For many athletes, an anterior cruciate ligament (ACL) tear can be a devastating injury and have an impact on the mental state of the athlete. Everyone has their own unique reaction to injuries. Some athletes become miserable and fear it may happen again when they finally come back, while others look at it as just another challenge and choose to come back without fear.
At Pacific University, in the 2016 fall season, eight athletes of various sports had ACL injuries. One of these athletes was sophomore volleyball player Alyssa Panis, who experienced her second ACL injury of her volleyball career. “I was going up for a ball in practice and I landed on one foot to take the pressure off my other leg that I had previously injured,” Panis said. “It just felt like my knee gave out. I fully tore my ACL and had two tears in my meniscus.” But Panis had a more emotional reaction to her second ACL injury. “I thought, damn, not again,” Panis said. “I was crying my eyes out because I couldn’t believe it happened again.”
Another Pacific athlete, junior offensive linemen Kit Taura, also experienced an ACL tear this season during a game against Pacific Lutheran University. “I was blocking a defender and another defender flew in for a tackle and missed our running back and flew into my knee as I was planting my leg,” Taura said. Taura tore his ACL, medial collateral ligament (MCL) and partially tore his posterior cruciate ligament (PCL) on the play. Taura also had a strong reaction to the injury after he found out he would be out for the season.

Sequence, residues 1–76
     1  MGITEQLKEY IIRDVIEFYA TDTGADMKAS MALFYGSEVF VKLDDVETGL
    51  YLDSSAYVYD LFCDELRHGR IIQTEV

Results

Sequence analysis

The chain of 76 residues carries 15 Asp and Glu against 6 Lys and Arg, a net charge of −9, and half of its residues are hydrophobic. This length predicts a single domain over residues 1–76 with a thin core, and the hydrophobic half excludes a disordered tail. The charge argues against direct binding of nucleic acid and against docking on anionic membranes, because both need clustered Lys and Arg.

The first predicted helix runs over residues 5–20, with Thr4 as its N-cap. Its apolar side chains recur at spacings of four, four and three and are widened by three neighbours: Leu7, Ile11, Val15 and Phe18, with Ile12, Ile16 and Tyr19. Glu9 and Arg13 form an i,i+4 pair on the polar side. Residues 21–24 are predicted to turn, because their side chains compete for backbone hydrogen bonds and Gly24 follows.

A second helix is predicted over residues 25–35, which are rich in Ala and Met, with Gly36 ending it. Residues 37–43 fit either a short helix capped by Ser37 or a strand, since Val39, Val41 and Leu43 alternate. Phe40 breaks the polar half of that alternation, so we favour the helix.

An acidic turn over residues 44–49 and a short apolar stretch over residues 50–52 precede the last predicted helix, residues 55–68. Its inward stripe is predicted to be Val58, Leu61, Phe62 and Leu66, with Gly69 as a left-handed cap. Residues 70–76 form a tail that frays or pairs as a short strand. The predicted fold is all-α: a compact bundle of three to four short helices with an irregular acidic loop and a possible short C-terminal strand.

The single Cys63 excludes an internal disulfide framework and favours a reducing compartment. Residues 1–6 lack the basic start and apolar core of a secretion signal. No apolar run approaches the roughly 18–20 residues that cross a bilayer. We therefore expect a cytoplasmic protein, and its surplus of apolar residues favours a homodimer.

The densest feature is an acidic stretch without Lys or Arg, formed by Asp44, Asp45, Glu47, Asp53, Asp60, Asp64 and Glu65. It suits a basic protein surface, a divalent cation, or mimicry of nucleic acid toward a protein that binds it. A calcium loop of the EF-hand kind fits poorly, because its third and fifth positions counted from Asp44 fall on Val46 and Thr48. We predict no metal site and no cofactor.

“Right when I came off the field I thought it wasn’t that bad,” Taura said. “When I found out what really happened I was really mad, but I eventually got over it.” After season-ending injuries for Panis and Taura, each of them carry a different mindset for when they do recover from their injuries. Panis, now tearing her ACL for the second time, admits she does fear it may happen again.
“Yeah of course I’m scared that it might happen again,” Panis said. “I feel like I can come back from this and I know that I won’t be able to play at the same level right away, but I hope I can eventually.”
 Despite the tears in Taura’s knee, he is optimistic he will be able to bounce back next season even stronger than before. “I don’t fear it will happen again because I wear a knee brace and it was just a freak accident how it was hurt,” Taura said. “I honestly think that I’ll come back even better than before.”

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